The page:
But, with that experience behind him, why would he ever think that Wells Fargo has anything to do with his loan?  I wouldn’t have suspected such a thing either, and I think I’ve seen most everything related to servicing delinquent home loans at this point. 

The thing is that Nationstar has continued to encourage this homeowner to keep applying after each denial, to no avail, of course, but offering a ray of hope if nothing else.  And so this homeowner has reapplied… we’re coming up on number five… without anyone explaining what the problem is or might be.

Last week, a Nationstar manager actually got a little huffy with this homeowner, blurting out that there was no hope and that nothing could be done to save the home because… wait for it… he was now too far behind since he hadn’t made a payment in almost 3.5 years.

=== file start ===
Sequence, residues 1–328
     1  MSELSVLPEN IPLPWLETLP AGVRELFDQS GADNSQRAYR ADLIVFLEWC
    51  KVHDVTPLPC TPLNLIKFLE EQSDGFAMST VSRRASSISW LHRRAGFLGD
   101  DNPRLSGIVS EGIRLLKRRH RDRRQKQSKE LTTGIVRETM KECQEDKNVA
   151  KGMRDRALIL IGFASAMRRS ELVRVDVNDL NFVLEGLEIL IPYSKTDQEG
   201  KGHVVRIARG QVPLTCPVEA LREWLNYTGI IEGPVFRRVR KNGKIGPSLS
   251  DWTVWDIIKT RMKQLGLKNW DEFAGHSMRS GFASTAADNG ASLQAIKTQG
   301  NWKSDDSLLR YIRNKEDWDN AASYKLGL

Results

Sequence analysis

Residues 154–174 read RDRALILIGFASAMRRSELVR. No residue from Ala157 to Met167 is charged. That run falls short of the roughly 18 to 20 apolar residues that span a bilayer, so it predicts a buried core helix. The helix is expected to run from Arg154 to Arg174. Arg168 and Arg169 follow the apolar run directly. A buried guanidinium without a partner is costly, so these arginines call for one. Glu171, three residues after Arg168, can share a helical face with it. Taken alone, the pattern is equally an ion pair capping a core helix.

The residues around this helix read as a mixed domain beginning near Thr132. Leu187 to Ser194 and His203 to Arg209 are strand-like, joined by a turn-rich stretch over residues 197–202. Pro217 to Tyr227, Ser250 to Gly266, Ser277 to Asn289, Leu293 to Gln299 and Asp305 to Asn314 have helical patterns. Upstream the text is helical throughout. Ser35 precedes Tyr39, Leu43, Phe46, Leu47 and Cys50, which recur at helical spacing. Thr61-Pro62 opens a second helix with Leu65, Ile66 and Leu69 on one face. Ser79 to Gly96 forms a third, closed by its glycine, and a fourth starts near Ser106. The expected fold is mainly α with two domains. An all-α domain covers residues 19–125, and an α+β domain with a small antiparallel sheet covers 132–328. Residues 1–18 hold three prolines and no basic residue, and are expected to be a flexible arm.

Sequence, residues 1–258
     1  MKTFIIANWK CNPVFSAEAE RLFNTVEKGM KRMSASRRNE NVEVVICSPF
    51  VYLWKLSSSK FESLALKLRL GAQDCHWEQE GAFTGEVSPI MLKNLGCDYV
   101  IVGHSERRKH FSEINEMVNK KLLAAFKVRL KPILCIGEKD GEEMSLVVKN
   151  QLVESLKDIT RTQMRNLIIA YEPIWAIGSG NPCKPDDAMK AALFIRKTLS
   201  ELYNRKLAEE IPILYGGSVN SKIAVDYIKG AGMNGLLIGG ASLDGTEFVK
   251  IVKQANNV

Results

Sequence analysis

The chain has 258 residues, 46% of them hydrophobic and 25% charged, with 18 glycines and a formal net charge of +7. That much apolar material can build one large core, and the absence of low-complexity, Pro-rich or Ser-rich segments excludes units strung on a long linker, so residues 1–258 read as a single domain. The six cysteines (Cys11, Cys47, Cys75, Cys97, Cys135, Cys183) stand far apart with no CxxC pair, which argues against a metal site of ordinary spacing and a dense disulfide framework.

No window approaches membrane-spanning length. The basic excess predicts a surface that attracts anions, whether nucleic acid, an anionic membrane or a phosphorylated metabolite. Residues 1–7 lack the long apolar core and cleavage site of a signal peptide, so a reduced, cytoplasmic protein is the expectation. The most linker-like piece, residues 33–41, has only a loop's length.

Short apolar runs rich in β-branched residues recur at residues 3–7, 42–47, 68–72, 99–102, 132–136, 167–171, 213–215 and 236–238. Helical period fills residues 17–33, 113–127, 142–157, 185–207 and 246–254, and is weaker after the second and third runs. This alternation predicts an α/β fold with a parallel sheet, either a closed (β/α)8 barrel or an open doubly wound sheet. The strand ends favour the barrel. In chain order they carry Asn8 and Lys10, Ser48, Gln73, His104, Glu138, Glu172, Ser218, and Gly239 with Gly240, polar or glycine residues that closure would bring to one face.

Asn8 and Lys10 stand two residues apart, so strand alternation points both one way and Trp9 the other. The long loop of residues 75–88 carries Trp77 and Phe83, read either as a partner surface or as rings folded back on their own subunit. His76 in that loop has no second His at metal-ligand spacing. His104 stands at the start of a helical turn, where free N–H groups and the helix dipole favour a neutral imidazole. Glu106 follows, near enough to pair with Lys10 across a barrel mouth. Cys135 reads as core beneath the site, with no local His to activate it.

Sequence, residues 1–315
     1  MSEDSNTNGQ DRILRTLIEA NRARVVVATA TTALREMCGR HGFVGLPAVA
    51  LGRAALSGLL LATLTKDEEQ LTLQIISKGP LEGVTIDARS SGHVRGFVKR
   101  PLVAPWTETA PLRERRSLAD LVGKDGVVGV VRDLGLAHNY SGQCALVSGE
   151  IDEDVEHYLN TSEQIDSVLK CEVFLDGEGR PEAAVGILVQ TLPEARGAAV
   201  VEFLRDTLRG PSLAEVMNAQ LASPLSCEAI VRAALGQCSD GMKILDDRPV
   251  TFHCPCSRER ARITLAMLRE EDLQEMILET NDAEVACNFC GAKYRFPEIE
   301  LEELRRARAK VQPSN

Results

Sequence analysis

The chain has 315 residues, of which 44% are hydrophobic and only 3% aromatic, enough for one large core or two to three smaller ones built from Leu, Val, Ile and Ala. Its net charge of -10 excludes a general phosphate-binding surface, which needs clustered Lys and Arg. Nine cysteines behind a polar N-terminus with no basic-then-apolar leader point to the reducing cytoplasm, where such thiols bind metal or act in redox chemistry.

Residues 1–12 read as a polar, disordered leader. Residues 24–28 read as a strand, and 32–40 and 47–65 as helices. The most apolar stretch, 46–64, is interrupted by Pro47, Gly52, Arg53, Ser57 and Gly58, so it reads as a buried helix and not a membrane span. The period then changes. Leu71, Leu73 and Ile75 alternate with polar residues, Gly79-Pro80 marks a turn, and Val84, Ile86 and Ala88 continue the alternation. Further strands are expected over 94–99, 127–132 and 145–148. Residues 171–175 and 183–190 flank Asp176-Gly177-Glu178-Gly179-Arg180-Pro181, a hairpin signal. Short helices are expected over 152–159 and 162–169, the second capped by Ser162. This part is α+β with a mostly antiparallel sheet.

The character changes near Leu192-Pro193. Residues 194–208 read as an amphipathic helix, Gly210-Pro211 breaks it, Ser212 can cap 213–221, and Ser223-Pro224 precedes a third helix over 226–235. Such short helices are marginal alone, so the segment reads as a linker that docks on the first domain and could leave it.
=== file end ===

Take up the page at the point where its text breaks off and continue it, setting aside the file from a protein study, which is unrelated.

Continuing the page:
Can you imagine how someone feels after banging his head against the wall for over three years, jumping through each new hoop willingly and upon demand, when he’s told that the reason he can’t be helped now is that he’s been trying to get assistance for too long?  And that’s his fault?


Dearest Nationstar… let’s get something straight.

It’s not that the homeowner in this example has been trying for too long, it’s that you’ve been failing to modify his loan for too long.  You’re the problem here, not the homeowner. 

He does what you ask, submits complete packages every time, supplies additional documents whenever he’s asked to do so… his income has been verified by bank statements and tax returns… he has lived in the home for 23 years… there’s just no reason his loan couldn’t have been modified a month or two after his first application was accepted by Bank of America.

Well, I shouldn’t say there’s no reason… what I should say is that there’s no good reason he couldn’t have been modified way back when.  Actually there are a few reasons for the treatment he’s received… but none of them good.